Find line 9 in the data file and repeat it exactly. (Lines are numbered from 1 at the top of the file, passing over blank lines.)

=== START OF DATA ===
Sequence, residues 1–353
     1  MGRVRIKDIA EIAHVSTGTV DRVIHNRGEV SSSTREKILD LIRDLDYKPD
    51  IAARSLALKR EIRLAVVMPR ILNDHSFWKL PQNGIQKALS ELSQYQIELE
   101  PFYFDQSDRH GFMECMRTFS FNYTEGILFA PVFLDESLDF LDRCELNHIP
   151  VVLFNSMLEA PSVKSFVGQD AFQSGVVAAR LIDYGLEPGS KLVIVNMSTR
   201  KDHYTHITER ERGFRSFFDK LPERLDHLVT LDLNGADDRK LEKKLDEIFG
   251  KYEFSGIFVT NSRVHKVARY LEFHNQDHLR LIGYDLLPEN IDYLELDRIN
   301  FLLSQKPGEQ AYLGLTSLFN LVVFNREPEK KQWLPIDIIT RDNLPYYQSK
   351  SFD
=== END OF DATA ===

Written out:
   351  SFD